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I have seen tons of photos and videos of various types of rigs on different types of boats, but unlike the junk rig Bible - Practical Junk Rig - I have yet to find anything that exists for the oldest known sailing rig, the Crab Claw. In fact, I have yet to find any "How to" articles for designing your own crab claw rig.

Anyone have any resources or ideas?

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http://tamamoana.blogspot.com/search?updated-max=2007-09-03T10:23:0...

Some interesting reading further down on experimenting with the cc rig.

Thanks for the link.

I am also (seriously) considering using wishbone masts. I think there are more advantages to this than disadvantages. Wishbone masts will allow the sails to freely rotate. I would need to put a control line on the tack in order to keep it in a stable position, but could dictate that position. By easing the tack control line, I could also quickly move the sails from a "spars up" position, to "spars down" position when needed, with the ability to pull the tack to windward or leeward as necessary.

The added advantage would be redundancy of masts. If something broke, I could modify the rig to single masts until repairs could be made. Will it work? Who knows (Except maybe Gene Perry who did it with carbon fiber masts and spars on his Tiki 26, but I have not heard from him in years.)

Here's some performance data from a 13m2 crab claw (Wharram design) with Tonkin bamboo spars (now 4 years old, but with epoxy and paint coating in the Pacific Northwest) on a Tiki 21 --

http://econscience.org/tiki/2015/02/15/performance-of-a-bamboo-poly...

We're trying this sail on a Hitia 17' now but want to get better upwind performance, especially in light wind.  Thinking about windsurfer masts or building top antenna mast sections as spars inside sleeves along foot and luff.  Maybe you could get these in Texas?  Put two 4.8m windsurfer masts end to end with a section of the antenna stuff and you could get 36' with most strength in the middle where halyards/sheets attach and flexibility at the outer tips.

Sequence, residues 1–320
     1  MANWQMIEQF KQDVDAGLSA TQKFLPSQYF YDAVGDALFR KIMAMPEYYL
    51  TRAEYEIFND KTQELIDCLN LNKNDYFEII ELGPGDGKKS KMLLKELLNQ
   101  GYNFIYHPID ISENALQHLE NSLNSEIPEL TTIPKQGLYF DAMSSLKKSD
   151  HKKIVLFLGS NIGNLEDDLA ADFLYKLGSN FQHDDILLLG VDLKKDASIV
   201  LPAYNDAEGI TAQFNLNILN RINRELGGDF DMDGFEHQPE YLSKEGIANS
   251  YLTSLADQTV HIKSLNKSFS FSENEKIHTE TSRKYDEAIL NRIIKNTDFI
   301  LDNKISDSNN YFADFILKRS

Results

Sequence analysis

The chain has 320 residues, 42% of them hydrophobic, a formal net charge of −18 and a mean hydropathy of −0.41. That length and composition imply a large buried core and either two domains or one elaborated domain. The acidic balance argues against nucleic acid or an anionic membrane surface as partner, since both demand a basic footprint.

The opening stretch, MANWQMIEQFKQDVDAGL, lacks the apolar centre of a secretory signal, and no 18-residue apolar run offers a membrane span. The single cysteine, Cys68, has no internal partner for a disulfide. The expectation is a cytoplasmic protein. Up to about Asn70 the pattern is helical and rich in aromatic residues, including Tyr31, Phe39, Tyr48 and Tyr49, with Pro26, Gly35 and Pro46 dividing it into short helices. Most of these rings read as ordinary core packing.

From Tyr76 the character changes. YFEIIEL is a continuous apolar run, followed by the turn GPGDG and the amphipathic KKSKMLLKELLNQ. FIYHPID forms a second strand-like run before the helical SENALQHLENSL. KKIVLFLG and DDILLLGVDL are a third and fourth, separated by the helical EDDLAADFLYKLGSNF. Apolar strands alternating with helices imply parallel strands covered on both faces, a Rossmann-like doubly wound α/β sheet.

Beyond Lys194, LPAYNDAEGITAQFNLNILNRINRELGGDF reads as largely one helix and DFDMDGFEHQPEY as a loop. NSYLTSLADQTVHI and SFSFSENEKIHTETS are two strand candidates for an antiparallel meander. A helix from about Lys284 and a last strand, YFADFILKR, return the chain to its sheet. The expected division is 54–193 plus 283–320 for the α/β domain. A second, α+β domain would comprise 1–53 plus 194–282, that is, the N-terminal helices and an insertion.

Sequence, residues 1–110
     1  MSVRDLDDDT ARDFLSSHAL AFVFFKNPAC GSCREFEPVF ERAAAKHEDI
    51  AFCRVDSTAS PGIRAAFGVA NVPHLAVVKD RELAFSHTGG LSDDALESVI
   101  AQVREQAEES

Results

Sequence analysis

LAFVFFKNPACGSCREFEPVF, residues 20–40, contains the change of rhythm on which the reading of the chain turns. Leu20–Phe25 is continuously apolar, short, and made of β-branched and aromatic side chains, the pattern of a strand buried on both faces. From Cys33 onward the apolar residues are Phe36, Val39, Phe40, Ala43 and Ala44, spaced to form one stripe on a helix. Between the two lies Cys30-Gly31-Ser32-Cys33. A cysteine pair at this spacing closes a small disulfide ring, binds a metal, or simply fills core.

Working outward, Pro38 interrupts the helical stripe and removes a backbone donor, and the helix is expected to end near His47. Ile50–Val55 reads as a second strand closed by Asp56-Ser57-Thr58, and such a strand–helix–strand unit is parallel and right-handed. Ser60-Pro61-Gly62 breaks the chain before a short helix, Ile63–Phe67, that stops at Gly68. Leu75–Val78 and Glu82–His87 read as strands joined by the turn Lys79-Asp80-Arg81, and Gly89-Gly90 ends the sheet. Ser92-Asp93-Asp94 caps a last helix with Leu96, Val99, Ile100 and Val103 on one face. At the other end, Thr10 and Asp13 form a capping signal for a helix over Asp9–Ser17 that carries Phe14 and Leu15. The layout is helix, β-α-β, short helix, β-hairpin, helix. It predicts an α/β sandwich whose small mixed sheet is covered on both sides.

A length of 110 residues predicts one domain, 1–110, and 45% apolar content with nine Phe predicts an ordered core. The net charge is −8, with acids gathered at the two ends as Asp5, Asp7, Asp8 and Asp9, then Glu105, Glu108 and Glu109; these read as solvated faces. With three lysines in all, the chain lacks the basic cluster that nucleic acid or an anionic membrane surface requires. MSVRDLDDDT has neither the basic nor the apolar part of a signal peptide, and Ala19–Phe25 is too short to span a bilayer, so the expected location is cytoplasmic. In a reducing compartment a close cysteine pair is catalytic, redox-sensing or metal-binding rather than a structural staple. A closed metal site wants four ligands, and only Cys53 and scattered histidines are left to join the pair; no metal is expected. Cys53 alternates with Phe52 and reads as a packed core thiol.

I've been pretty happy with bamboo (~9m Tonkin spars), but have broken and reinforced it.  Still need to try some solid wood or laminated ones (as Hans did for Wakataitea, Klaar did on Ontong Java, and Kiko does in his Hawaiian sprits'ls)...

There is a LOT to optimize in the design and construction of crab claw rigs (and I look forward to a full-on manual), but for now here are my best efforts to lend a hand:

http://econscience.org/tiki/2015/02/15/performance-of-a-bamboo-poly...

http://econscience.org/tiki/2011/04/26/prepping-spars-for-the-big-c...

http://econscience.org/tiki/2011/05/11/rigging-the-13-m2-crab-claw/

http://econscience.org/tiki/2016/05/04/crab-claw-sails-the-mast-to-...

And here's a fledgling attempt at measuring sail dimensions and attachment positions in extant crab claw rigs:

https://docs.google.com/spreadsheets/d/1FHmZAbkyklk6xGKQklI8qAoeJor...

Re alternative masts and the crab claw, Thomas and I had similar thoughts and constructed an A-frame mast on our Hitia 17 with ~13m^2 crab claw (later ~20m^2).  You can see photos of it along with performance data here --

http://www.searunners.net/18-hour-trial-on-lake-wa-nighttime-circum...

Budget Boater said:

Thanks for the link.

I am also (seriously) considering using wishbone masts. I think there are more advantages to this than disadvantages. Wishbone masts will allow the sails to freely rotate. I would need to put a control line on the tack in order to keep it in a stable position, but could dictate that position. By easing the tack control line, I could also quickly move the sails from a "spars up" position, to "spars down" position when needed, with the ability to pull the tack to windward or leeward as necessary.

The added advantage would be redundancy of masts. If something broke, I could modify the rig to single masts until repairs could be made. Will it work? Who knows (Except maybe Gene Perry who did it with carbon fiber masts and spars on his Tiki 26, but I have not heard from him in years.)

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